One of the justifications (after the fact, of course) for the LCS, according to Navy leadership, is that it’s small enough and simple enough to have more in common with many of the navies that we interact with. Supposedly, these countries are intimidated by our larger ships and the small and relatively harmless LCS is something they can better relate to and interact with.
Of course, this brings up obvious questions like what interactions are we having that require other countries to feel warm and fuzzy about our ships? Are we handing over the keys on the weekends? Why do we care how other countries feel about our ships? They’re not operating them, so who cares?
Seriously, do we really want to dumb down our fleet so that countries with tiny navies can feel good about themselves? Do we really want a significant portion of our combat fleet to be geared towards the least common denominator of our ally’s navies? Is there a problem with having major combat vessels that other countries don’t have?
Now don’t get me wrong. If we want to build some small patrol vessels for co-operative, feel-good exercises, that’s fine, although the LCS is still not the right choice, even for that. But, to convert a quarter to a third of our combat fleet to the LCS because other countries might feel intimidated is an absurd idea. Other countries, friend and foe alike, are supposed to feel intimidated. That’s how we know we have a good Navy!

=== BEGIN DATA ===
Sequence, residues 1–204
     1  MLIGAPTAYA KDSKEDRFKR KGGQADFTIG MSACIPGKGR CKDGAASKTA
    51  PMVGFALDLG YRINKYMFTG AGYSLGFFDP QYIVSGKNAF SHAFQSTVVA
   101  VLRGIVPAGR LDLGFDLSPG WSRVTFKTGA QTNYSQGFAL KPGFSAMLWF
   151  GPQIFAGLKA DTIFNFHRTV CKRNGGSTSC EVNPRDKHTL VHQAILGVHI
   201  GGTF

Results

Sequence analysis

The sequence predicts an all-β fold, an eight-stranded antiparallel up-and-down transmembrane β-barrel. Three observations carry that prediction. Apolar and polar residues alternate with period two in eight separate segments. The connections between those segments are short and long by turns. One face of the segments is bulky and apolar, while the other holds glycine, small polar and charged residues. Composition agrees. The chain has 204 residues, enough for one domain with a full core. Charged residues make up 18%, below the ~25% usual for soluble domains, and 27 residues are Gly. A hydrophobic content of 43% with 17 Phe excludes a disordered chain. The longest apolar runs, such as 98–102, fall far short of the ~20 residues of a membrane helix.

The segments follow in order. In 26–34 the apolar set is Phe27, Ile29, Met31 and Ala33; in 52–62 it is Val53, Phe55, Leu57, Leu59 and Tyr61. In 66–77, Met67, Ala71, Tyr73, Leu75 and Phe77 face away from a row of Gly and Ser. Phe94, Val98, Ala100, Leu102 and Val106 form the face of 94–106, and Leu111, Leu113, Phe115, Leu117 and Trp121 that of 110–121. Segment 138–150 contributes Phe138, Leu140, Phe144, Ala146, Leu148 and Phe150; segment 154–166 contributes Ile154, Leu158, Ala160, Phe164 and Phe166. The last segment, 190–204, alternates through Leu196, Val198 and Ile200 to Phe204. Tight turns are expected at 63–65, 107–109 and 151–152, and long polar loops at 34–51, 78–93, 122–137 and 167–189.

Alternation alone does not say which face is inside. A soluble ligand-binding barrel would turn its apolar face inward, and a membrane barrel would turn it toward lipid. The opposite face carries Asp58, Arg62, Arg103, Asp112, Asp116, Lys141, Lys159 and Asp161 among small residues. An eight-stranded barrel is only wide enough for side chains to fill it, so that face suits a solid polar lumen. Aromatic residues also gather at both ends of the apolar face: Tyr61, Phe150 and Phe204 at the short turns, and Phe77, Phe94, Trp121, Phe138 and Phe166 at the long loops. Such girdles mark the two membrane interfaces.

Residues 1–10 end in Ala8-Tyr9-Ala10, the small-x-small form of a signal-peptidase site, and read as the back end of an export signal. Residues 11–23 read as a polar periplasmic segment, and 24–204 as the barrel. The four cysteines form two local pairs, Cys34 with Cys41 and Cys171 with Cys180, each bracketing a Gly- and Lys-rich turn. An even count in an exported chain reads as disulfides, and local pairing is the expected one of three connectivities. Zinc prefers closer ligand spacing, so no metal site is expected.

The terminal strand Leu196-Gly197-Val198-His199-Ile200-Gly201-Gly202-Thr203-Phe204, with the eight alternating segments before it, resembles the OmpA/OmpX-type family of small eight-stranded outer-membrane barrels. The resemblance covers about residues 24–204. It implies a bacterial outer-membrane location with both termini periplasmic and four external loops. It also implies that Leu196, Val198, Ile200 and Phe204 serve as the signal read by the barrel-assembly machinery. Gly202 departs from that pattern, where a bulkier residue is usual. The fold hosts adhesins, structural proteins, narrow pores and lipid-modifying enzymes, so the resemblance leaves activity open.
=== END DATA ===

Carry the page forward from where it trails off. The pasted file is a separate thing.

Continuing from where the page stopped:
This particular justification for the LCS is pure, unadulterated public relations drivel that the Navy is trying to substitute for the real justifications that they’ve failed to meet.
As a parting thought, perhaps other countries with a tiny, insecure navy should give some thought to devoting a bit more of their GDP to building a navy with some teeth (again, the LCS isn’t the model of how to do that) and shoulder a bit more of their own defense responsibilities rather than rely on the US to do it for them. ComNavOps is looking squarely at you,
(0.8% GDP vs 4.5% Philippines and 2.5% world average – Wikipedia, “List of countries by military expenditures”). US